Australian Birdwatching

Field Guide to Australian Birds and Birdwatching

Avid twitchers and those folks who are getting into birdwatching, this guide is for you. Read on to build your birding skills.

Field Guide

Up until mid-2017, there were only four field guides covering Aussie birdies. These books were excellent; each with its strong points and birders were well-informed. Now they’re all out-dated as many taxonomy revisions have been made in recent years. New guidebooks have a lot to offer, not just names and pictures of individual species. Read the information on habitats, bird families, birdwatching tips, etc. Each guide uses taxonomic order, not alphabetic, so use the index to find birds.

Now, there’s a new guidebook that supersedes the others. The Australian Bird Guide (ABG) by Peter Menkhorst, Rohan Clarke, Danny Rogers and artists Kim Franklin, Jeff Davies and Peter Marsack has over 10,000 birds. For bird watching tours Australia, see Australian Wildlife Journeys. Even for general wildlife tours in Australia, see them also.

Get a Checklist

Download a local bird list, keep it with your guidebook, and tick off the birds you’ve seen. Learn about the birds you haven’t seen so you can recognise them on your next excursion. Smartphone apps like Pizzey and Morcombe are good-to-have. Apps are better than books because they’re more convenient to carry and have a feature that plays bird sounds.


The more powerful the binocs, the better they are. A good configuration for birdwatching is 8×43. Simply put, the magnification is 8x and 43mm is the objective lens. Anything less than 6x and more than 12x narrows the field of view and makes it hard to get good views. Small binoculars are convenient as they are light and can fit in a pocket, but they may not provide great viewing. Spotting scopes are great for longer-distance viewing, like shorebirds and waterbirds.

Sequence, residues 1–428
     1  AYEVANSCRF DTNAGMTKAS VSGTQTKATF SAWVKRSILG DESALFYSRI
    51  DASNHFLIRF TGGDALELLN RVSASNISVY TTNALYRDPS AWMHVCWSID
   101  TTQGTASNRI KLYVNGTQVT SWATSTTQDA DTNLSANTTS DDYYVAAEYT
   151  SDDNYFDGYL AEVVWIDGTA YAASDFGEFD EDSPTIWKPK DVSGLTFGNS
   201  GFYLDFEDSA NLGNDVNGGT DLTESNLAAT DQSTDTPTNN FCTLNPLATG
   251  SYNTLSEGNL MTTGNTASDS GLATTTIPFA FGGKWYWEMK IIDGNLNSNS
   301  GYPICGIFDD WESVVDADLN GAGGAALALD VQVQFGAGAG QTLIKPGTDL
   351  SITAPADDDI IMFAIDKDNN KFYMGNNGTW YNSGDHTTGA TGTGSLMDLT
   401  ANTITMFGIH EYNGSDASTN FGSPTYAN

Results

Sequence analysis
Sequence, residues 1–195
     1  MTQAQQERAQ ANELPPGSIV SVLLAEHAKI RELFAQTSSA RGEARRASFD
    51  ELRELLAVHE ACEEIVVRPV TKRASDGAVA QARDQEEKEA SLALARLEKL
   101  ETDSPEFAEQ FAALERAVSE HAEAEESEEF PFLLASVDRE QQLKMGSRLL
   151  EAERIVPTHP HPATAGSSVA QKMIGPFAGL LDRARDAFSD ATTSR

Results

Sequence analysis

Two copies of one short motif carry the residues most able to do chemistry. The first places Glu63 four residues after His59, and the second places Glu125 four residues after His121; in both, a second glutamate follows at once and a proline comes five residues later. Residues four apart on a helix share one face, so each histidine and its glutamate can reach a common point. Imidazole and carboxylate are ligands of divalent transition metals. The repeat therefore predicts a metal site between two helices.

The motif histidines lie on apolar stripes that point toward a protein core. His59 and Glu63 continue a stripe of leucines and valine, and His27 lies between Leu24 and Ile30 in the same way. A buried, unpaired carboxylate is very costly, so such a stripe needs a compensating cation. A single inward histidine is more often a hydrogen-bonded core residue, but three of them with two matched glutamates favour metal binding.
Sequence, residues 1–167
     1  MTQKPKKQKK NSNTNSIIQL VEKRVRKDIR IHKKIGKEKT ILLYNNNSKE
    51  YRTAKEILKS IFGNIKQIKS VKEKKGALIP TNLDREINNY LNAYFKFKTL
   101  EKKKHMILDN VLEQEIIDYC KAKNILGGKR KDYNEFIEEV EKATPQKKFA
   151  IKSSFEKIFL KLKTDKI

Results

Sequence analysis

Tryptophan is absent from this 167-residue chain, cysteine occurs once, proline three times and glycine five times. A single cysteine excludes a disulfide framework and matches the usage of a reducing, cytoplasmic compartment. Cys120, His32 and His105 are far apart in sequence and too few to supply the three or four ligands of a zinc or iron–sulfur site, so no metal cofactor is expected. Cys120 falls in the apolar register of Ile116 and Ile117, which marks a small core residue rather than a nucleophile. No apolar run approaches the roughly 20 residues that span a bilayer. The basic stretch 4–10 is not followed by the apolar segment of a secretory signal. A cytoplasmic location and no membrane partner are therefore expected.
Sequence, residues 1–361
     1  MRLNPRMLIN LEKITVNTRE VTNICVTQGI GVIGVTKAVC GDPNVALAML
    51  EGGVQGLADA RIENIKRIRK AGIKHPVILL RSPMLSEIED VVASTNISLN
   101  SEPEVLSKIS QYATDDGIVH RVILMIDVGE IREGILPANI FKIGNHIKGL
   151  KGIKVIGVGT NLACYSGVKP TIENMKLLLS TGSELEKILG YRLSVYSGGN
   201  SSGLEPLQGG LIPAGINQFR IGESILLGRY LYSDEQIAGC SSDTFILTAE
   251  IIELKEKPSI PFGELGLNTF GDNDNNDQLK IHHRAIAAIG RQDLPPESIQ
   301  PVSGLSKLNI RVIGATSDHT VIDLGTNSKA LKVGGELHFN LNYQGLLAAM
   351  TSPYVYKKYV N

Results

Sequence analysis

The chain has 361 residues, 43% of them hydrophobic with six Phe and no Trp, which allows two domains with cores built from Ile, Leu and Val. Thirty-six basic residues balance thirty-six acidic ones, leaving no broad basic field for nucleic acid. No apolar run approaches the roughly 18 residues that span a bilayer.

Bird photography adds a new dimension to birding, making it thrilling. For some, it’s the main focus of their bird watching and some keen photographers do without binoculars. Point-and-shoot cameras are available and able to capture good pictures and videos. A Nikon P9000 with an 83x zoom is a birders’ favourite. It’s versatile, lightweight, and the results are amazing.


Wear camouflaged clothing, and move about calmly and quietly, to gain the confidence of birds. A hat is another must-wear. It shades your head, protects it from being pocked by twigs and reduces glare around your eyes.

Be alert for sound and movement when searching out birds. Listen for calls, look for feathers and movement within the foliage, then bring your binoculars up and focus steadily. Approach birds slowly and silently. Quick advances scare off birds, and once a bird flies off, your chances of seeing it properly are almost zero. Observe nests from a distance rather than going in for a closer look. Close-ups put the nest at risk by alerting predators or spooking the parents.

Tag a Guide

Even with all these skills and tools, you can miss the sights you crave. Go birding with a local guide to max out your experience. A guide is an extra brain and pair of skilled eyes and ears.